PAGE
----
From the time the iceberg pierced the Titanic below her waterline and the time she went under, there were almost three full hours of chaos — two hours and 40 minutes to be exact.
Perhaps that’s the most unnerving part of it all: how slow the destruction was.
The Titanic‘s musicians played for as long as they possibly could as it sank — for over two hours. They wanted to do their best to keep passengers as calm as possible while they loaded into lifeboats. One second-class passenger who survived recalled a musician’s decision to do this as the single bravest thing to happen during the sinking.
That early morning of April 15, 1912, just 400 miles away from land and four days after departure, more than 1,500 people died, the musicians among them.
It is one of the most recognized tragedies of the last century. But how much do we really know about it?
Take a look at these 10 facts about the sinking of the Titanic — I was quite surprised by how much I really didn’t know!
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1. The 'Titanic' Received 6 Ice Warnings Before The Collision
Over the wireless communicator, the Titanic received six warnings about ice on the night of the collision.
There was also no moon to reflect off the iceberg and make it more visible, and no waves to create a foam ring around the ice. Conditions were ominous all around.
2. A Whole Hour Passed Before They Started Loading Lifeboats
The first lifeboat was loaded and lowered over a full hour after the ship hit the iceberg. It was designed to hold 65 people, according to the History Channel.
However, among all the chaos and confusion, only 28 climbed aboard. Almost every single boat that set off to safety while the boat was sinking had a heartbreaking amount of space still left inside.
Had the loading of lifeboats started much sooner and with more organization, perhaps many more people could have survived.
3. In A Different Type Of Collision, She Might Have Survived
According to the Journal Sentinel, the Titanic would have been able to stay afloat if she had hit the iceberg head-on due to the strength of her bulkheads.
As we all know, though, it was the side of the boat that got sliced up by the underwater parts of the iceberg that did her in.
4. 3 Dogs Were Presumably Snuck Onto Lifeboats
Two Pomeranians and one Pekingese survived the sinking of the Titanic. It’s believed to be because they were small enough for their owners to take onto lifeboats with no one else realizing.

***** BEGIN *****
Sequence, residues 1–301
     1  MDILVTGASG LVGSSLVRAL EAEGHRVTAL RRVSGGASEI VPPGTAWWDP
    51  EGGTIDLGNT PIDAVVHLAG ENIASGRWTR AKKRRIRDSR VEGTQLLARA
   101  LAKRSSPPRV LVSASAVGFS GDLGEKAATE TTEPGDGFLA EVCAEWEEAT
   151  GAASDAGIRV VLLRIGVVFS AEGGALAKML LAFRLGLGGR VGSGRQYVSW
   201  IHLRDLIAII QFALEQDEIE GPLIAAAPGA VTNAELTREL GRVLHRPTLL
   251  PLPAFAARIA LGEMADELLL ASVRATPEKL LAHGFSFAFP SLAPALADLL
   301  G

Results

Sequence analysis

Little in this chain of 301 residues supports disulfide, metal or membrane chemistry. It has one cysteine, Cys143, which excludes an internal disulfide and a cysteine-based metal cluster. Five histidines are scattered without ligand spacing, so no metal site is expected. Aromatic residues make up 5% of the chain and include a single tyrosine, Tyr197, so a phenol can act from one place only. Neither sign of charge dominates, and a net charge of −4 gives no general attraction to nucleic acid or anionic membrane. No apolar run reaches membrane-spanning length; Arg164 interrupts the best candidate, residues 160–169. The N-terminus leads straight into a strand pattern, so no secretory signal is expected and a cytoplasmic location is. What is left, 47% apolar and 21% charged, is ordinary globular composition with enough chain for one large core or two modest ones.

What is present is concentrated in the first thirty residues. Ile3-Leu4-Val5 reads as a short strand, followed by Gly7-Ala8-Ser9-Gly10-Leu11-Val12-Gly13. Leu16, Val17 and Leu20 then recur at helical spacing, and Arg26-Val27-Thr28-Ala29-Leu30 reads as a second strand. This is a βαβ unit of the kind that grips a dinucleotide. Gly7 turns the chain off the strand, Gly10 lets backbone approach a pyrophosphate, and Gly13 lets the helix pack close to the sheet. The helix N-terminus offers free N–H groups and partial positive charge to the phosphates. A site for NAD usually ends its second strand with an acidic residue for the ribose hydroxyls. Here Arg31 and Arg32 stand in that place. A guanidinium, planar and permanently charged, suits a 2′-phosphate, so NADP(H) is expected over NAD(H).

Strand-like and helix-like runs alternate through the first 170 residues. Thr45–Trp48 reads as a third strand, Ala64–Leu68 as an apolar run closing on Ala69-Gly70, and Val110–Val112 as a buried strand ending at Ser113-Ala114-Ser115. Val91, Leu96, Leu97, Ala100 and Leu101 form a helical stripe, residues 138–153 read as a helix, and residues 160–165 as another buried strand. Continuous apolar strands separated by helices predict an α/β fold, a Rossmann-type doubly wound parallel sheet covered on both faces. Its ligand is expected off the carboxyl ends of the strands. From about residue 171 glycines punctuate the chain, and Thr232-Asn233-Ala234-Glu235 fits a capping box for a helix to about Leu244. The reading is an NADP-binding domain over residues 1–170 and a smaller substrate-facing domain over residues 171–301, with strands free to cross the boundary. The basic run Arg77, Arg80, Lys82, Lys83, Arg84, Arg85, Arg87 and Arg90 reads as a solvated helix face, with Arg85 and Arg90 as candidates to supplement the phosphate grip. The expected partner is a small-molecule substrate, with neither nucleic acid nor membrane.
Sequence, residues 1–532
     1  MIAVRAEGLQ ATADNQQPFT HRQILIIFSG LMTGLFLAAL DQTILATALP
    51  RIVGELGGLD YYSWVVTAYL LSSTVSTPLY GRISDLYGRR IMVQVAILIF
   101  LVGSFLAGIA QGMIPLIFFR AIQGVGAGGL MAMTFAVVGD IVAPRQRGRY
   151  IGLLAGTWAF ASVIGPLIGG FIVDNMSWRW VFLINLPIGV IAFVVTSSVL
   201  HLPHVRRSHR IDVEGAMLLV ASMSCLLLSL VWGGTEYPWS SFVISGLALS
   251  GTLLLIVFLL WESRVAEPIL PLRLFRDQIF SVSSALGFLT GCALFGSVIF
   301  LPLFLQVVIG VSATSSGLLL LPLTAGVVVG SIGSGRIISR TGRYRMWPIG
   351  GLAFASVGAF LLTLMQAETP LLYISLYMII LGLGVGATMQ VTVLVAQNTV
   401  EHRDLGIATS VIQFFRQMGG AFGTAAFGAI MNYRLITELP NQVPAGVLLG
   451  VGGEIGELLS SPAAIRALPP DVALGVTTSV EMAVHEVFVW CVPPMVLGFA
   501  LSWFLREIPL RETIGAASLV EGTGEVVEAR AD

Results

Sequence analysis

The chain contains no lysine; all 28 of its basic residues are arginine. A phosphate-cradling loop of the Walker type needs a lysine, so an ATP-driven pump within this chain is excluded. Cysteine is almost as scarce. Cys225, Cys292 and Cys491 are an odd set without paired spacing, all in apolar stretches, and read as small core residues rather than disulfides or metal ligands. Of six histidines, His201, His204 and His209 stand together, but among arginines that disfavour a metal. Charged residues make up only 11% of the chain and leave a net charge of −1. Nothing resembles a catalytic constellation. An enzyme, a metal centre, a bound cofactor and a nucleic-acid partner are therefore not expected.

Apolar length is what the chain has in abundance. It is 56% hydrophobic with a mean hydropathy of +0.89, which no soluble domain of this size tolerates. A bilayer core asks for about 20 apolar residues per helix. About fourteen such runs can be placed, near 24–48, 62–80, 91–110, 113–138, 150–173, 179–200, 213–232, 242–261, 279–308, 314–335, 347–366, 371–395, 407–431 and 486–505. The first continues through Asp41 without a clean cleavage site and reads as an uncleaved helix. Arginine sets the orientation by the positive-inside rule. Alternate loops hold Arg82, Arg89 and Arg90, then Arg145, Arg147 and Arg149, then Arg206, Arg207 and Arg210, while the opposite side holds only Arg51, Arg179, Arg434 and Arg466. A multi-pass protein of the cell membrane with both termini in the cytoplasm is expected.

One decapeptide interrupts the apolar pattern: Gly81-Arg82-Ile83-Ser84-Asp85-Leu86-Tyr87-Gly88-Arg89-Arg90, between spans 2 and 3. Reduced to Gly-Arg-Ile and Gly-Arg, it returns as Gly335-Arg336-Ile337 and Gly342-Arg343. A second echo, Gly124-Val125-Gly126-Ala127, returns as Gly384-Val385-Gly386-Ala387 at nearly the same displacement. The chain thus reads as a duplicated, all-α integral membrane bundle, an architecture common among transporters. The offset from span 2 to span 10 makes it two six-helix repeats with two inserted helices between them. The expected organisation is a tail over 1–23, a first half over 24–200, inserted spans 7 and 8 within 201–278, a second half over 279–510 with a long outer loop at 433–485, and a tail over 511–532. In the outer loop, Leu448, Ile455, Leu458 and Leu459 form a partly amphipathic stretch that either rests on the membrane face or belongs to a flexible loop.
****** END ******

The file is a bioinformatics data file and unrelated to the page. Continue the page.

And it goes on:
There were 12 total dogs on the ship, all belonging to first-class passengers, but these three little ones were the only ones to survive.
5. The Final SOS Position Was Incorrect
While the latitude given by Officer Boxhall was correct, the longitude was a good 14 miles off. Even if rescue had arrived in time, they would have come to the wrong spot.
There isn’t a clear answer as to how or why the reading was so far off, but there is a pretty good amount of speculation.
6. There Had Been No Lifeboat Drills
There was such complete and utter pandemonium because there had not been a single lifeboat or evacuation drill aboard the ship — not one!
7. The 'Titanic' Waited Close To An Hour Before Asking For Help
According to author Tim Maltin, as reported by the Telegraph, the ship’s crew waited a good 45 minutes before sending out a distress signal because they wanted to keep the collision quiet.
Once they looked into it and found how fatal it could be, they finally started calling out for assistance.
There was a ship nearby, the Californian (pictured above), that very well could have been heading toward the wreck for those 45 minutes, and might have saved many more people.
8. The Boat Took On Water At An Alarming Rate
After the collision, which created a 12-cubic-foot gash, the ship took on about 400 tons of water per minute until she ultimately sank. That is literally tens of thousands of tons of water that the ship took on in just under three hours.
For some perspective, one ton of water is equivalent to just under 265 gallons. That’s just over 100,000 gallons of water per minute, for three hours.
9. The Sinking Of The 'Titanic' Completely Changed Maritime Safety Procedure
After the complete and total disaster of the Titanic, folks became much more aware of the importance of maritime safety.
Prior to the sinking, the amount of lifeboats on a ship was determined by total tonnage, not how many passengers were aboard. That all changed shortly after the “unsinkable” ship sank in 1912.
10. The Hull Might Have Been Weakened By A Weeks-Long Fire
New evidence, as reported in the New York Times, suggests that a coal fire had been slowly burning since before the ship even took off. It might have even been burning for up to three weeks prior to departure to New York.
Reportedly, no one stopped the fire, therefore the hull was weakened against the iceberg. Senan Molony, an Irish journalist who has been studying the Titanic for over 30 years, stands by this new evidence.
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